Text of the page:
GameMaker: Finding collision_line’s point of collision

Find collision_line's point of collision in GameMaker (mouseover/click to play GIF)

This is a small post about a method for figuring out collision_line's "contact point" in GameMaker - in other words, obtaining not just whether there's something on the way, but also the nearest point on the nearest matching entity.

Most commonly asked about for "hitscan" weapons and laser-sights, but has many uses.

The approach is a classic use case for binary search - the built-in function won't return a contact point, but we can call it multiple times, cutting the segment to check in half on each iteration until we have pixel precision.

Therefore, on first iteration the algorithm checks if there's anything between source point and halfway through. If there is, the algorithm checks between source point and quarter way through. If there isn't, the algorithm checks between halfway through and three quarters way through. After log2(distance)+1 iterations, the exact nearest contact point and instance are discovered.

The code is straightforward, being a literal translation of algorithm outlined:

/// collision_line_point(x1, y1, x2, y2, obj, prec, notme)
var x1 = argument0;
var y1 = argument1;
var x2 = argument2;
var y2 = argument3;
var qi = argument4;
var qp = argument5;
var qn = argument6;
var rr, rx, ry;
rr = collision_line(x1, y1, x2, y2, qi, qp, qn);
rx = x2;
ry = y2;
if (rr != noone) {
    var p0 = 0;
    var p1 = 1;
    repeat (ceil(log2(point_distance(x1, y1, x2, y2))) + 1) {
        var np = p0 + (p1 - p0) * 0.5;
        var nx = x1 + (x2 - x1) * np;
        var ny = y1 + (y2 - y1) * np;
        var px = x1 + (x2 - x1) * p0;
        var py = y1 + (y2 - y1) * p0;
        var nr = collision_line(px, py, nx, ny, qi, qp, qn);
        if (nr != noone) {
            rr = nr;
            rx = nx;
            ry = ny;
            p1 = np;
        } else p0 = np;
var r;
r[0] = rr;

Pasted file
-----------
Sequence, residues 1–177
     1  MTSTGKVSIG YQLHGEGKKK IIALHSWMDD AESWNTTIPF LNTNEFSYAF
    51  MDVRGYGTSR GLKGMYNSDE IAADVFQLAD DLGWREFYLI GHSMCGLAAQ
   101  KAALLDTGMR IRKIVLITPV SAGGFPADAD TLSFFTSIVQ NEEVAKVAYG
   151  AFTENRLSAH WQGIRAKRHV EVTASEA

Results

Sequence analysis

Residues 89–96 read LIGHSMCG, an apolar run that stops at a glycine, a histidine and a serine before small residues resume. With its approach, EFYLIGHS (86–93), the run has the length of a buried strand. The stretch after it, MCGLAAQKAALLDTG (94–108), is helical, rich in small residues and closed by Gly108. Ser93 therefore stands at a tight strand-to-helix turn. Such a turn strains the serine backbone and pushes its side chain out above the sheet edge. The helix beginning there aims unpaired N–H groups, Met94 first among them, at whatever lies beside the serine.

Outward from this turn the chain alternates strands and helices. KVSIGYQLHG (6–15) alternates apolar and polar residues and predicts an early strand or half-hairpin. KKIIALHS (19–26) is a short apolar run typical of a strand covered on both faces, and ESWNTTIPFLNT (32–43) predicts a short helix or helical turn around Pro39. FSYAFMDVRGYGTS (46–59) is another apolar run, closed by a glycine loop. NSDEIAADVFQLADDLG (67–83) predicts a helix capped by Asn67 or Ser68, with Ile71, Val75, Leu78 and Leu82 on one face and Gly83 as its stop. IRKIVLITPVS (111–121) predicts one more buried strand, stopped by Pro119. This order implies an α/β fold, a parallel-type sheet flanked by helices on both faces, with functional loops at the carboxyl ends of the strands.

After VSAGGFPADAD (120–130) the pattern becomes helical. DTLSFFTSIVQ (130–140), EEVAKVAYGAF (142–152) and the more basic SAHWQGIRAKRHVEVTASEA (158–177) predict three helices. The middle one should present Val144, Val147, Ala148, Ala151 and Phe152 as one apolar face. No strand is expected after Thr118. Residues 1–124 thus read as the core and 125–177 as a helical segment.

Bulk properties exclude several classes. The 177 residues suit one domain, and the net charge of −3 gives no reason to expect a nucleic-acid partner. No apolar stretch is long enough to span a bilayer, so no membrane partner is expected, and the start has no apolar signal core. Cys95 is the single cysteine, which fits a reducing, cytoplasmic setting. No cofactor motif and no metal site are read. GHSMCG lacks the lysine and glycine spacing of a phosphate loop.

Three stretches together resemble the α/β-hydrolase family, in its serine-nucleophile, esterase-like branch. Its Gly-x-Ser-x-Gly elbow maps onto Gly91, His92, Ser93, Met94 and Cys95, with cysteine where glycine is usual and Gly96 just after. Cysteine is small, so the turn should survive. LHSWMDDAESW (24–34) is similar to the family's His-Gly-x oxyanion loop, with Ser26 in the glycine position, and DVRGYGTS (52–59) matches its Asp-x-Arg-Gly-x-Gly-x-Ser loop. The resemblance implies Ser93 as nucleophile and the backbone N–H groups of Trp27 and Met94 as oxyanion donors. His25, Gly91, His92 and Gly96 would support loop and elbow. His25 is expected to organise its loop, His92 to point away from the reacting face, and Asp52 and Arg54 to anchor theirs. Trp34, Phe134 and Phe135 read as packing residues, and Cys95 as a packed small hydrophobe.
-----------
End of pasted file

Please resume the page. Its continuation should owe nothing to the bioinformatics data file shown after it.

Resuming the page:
r[1] = rx;
r[2] = ry;
return r;

The script returns an array containing hit instance ID as element 0, hit point X as element 1, and hit point Y as element 2. If there are no matching instances between points, instance ID is set to noone while hit point XY are set to destination point.

If you add it to your project as collision_line_point, it can be used as following:

var r = collision_line_point(x, y, mouse_x, mouse_y, obj_some, true, true);
draw_line(x, y, r[1], r[2]);
if (r[0] != noone) {
    // r[0] holds the nearest (hit) instance.

Another thing to note - if you are using GameMaker: Studio 1, enabling "fast collision system" in Global Game Settings helps the performance, as R-Trees are then utilized for spatial collision detection.

And that's it. Have fun!

Related posts:

12 thoughts on “GameMaker: Finding collision_line’s point of collision

  1. two questions.
    1. Can i get more explanation on which part dose what?
    2. Can i make it check for tiles instead of objects?

  2. I’m beyond stupid. Scratching my head and wondering for hours why the script isn’t working, just to found out I put the code in the step event and not draw event. Thank you so much!

    • For those with latest versions of gm2 (if the script isn’t working).

      function collision_line_point(argument0,argument1,argument2,argument3,argument4,argument5,argument6)
      *script code*

  3. I dunno if you’ll ever see this again but thanks Vadim. This helped me immensely as I was trying to make a light that didn’t penetrate through walls properly.

  4. Hi, sounds good but I still dont get it 100%. I tried it but “collision_line_point” is no valid function. And where do I have to put in the code, in a step event or in script (I´m relative new to GM).
    Is it possible to hand over the gmx file of above shown video?!

    • You add a script called “collision_line_point”, and paste the shown code into it. The demo shown in the GIF was made in GMLive rather than GM itself, so it would likely be a bit less intuitive.

  5. Wonderfully more efficient than what I’ve been doing. This will help a great deal with optimization.

    I’ve been using a for loop, with a direction to check every 4 pixels for 1024 pixels for a grappling hook. This will help a ton with optimization. Thanks c:

Leave a Reply

Your email address will not be published. Required fields are marked *

This site uses Akismet to reduce spam. Learn how your comment data is processed.